I HAVE served happily for years as a trustee for a national charity, but the recent demise of Kids Company has shaken my fellow trustees, some of whom do little more than attend a mere eight meetings per year and worry about their personal reputations the rest of the time.
Many registered charities (such as accountancy institutes) are successful businesses operating under a charitable status umbrella – not in the simple sense of collecting donations and doing good work for worthy causes. In 2013 we saw the emergence of the charitable incorporated organisation which confers legal personality and limited liability features similar to those available to limited companies. Many other charities live a hand-to-mouth existence, and depend on unreliable income streams.
FDs of charities face a variety of issues. Most charity trustee boards have a treasurer – often an unpaid part-time overseer of all for which the FD is responsible. This is an archaic burden brought about by the nature of trusteeship, unnecessary where there is oversight in the form of finance and audit committees.
In this respect the charity sector lags behind others in encouraging the influence of the FD role to evolve, and this is a mistake given the constant financial pressures and reductions in many sources of funding.
Press comments about charities that fail due to a shortage of reserves miss one essential point on which any decent FD would focus. Charity reserves tend to be restricted and are not available for general use, such as propping up a central overhead bureaucracy, building the brand, providing a voice in the media or funding cost overruns. Raising funds achieves little if those funds must be used only for defined front-end services at zero profit margins. It is the availability of unrestricted funding and the build-up of reserves that hold the key to sustainability and to enabling emergency response activities for which there may be no specific funding. This involves maintaining separate records of income and expenditure streams. And ‘reserves’ are not ‘available cash resources’ to the FD, who must ensure financial sustainability in a challenging environment for working capital management.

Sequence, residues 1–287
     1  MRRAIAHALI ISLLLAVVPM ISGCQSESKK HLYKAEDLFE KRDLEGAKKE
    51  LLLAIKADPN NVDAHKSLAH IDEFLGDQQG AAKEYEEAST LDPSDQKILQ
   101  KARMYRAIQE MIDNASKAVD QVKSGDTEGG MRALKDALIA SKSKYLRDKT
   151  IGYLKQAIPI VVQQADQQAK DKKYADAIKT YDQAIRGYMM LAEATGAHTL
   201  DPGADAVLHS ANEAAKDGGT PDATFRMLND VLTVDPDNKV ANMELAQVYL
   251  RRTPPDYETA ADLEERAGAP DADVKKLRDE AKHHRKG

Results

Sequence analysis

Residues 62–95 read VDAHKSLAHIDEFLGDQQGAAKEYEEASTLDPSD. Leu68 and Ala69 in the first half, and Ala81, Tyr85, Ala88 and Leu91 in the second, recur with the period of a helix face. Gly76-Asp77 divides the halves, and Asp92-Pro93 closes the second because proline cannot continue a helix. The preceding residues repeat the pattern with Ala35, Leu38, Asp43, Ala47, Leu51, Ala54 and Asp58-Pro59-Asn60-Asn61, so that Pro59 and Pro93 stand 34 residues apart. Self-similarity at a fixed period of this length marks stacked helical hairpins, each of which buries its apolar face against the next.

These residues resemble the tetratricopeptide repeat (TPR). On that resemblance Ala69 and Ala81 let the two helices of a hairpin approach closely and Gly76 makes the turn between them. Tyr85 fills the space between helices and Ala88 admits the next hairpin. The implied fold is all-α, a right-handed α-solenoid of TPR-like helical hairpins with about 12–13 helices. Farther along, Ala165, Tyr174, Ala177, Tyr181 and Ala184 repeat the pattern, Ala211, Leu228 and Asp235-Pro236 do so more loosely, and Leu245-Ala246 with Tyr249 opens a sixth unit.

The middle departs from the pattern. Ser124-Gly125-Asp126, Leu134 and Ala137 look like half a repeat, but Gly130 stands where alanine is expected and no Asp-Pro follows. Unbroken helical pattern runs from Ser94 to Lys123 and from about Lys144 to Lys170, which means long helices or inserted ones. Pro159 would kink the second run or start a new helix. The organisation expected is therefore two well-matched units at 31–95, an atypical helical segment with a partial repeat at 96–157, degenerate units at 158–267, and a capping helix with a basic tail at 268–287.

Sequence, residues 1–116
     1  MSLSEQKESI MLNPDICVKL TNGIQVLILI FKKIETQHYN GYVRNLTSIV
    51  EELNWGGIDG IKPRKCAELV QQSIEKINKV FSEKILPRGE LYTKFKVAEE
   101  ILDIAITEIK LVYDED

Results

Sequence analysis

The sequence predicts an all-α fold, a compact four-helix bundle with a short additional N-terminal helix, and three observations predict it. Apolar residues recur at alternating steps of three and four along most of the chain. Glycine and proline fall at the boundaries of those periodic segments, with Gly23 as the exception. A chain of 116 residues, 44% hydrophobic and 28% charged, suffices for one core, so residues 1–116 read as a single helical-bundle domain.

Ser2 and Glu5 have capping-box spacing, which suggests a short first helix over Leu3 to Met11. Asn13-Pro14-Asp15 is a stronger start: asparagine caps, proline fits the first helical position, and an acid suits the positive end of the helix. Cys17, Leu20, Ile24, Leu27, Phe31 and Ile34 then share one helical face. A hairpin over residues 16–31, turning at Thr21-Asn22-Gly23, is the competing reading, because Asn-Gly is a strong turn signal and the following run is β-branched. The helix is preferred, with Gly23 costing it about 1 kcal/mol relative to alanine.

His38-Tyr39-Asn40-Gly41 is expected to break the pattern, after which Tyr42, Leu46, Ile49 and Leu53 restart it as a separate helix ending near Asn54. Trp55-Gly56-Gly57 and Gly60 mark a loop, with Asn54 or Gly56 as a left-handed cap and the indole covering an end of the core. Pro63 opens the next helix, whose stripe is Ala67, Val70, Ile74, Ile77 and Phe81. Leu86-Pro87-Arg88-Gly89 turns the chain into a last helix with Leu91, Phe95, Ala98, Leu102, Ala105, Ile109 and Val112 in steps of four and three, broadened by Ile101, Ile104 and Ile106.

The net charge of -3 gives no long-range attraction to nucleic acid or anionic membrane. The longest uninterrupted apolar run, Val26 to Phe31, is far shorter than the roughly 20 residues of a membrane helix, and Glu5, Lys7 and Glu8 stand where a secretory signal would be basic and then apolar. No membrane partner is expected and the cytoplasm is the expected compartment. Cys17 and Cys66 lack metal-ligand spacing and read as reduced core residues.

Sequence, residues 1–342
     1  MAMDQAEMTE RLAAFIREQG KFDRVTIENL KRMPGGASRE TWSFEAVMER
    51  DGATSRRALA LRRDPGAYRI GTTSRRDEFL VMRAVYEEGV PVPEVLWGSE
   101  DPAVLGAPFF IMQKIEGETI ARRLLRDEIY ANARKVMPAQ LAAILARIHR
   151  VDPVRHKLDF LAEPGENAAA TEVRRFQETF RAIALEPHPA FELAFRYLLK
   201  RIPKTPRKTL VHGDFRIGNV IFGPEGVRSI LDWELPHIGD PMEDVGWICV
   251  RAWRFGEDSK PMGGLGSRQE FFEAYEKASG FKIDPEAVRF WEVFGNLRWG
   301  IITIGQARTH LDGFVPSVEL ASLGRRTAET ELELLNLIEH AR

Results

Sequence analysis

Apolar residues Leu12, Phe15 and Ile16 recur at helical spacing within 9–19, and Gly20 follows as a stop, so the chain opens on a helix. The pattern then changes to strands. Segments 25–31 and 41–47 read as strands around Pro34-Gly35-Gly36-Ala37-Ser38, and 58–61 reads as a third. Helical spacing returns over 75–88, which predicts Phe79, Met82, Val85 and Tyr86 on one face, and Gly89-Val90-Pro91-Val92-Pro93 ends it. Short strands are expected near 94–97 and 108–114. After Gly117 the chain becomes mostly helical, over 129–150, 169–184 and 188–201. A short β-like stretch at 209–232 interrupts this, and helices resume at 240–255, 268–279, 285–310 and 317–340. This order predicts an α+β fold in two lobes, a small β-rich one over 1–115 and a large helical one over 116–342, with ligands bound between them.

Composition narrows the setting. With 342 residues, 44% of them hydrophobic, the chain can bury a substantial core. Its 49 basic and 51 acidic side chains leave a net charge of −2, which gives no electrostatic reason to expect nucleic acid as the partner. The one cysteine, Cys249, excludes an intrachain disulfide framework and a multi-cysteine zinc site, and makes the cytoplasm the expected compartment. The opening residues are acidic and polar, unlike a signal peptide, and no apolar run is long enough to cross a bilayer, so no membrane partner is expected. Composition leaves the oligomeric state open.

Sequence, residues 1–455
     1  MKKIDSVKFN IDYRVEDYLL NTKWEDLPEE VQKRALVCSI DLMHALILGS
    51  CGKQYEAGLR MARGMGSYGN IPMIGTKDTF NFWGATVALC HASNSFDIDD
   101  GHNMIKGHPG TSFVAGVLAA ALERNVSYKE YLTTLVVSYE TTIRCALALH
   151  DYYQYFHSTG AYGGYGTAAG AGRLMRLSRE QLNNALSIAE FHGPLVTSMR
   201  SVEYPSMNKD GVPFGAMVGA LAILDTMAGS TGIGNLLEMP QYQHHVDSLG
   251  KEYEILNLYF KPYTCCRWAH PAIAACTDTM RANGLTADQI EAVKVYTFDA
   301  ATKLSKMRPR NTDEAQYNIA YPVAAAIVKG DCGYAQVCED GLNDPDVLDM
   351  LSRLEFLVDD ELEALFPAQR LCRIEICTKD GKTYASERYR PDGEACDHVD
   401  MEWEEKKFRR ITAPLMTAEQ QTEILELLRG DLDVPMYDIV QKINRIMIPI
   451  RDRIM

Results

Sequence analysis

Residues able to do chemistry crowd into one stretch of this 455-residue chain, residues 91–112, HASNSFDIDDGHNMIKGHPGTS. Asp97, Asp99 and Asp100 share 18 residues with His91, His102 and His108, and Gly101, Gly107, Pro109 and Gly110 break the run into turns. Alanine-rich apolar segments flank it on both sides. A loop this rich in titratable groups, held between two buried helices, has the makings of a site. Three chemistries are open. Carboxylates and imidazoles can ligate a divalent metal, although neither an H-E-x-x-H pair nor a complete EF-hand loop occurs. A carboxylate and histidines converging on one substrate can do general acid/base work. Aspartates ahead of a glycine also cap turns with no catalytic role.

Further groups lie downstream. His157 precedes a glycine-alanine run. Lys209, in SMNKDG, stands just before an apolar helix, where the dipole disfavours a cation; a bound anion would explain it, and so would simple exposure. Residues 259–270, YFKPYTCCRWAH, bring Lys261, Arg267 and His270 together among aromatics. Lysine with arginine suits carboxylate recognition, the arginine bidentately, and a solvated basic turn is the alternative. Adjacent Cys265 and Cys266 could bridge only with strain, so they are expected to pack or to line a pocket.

Another challenge is to evaluate the economic model for the charity organisation where choices of projects to support are limited by the scarcity of resources. This is doubly difficult where the valuation of worthy projects is subjective but the costs are real, unpredictable and often unfunded. There is no standard approach to the manner in which loss-making projects are defined, costed and dealt with, and many charities must also account for the imputed cost of volunteers. Some charities operate statutory subsidiary companies, and this brings additional complexity.
The sector is rife with inefficiency, variability of quality, and competition not only for funding but to provide similar services. In an environment of compassion fatigue, some charities do not always behave in an endearing manner, and the recent moves to ban the bullying of donors are long overdue. Although many charismatic personalities are exemplary ambassadors, there are some who have associated themselves with charities as a cover for their misdemeanours, only to be exposed later, causing reputational damage.
The UK boasts nearly 200,000 charities with combined annual revenues of £65bn, but fragmentation calls for a consolidation solution, similar to that which is business as usual in the private sector. Legislation in 2006 made it simpler for charities to merge and some have done so. Looking at the successful organisations produced by charity mergers, I wonder why so many charities remain reluctant to merge and why some find themselves in distress at too late a stage.
The FD can take a lead by scanning the horizon for appropriate M&A opportunities, roping in pro bono advice from friendly accountants, bankers and lawyers, and devising appropriate acquisition constructs – commonplace in other sectors. ?
Last month the SFD holidayed in Barbados during the only week in eight years that it experienced earthquakes, and was otherwise moved by the subsequent media pleas for UK residents to open our doors to Syrian refugees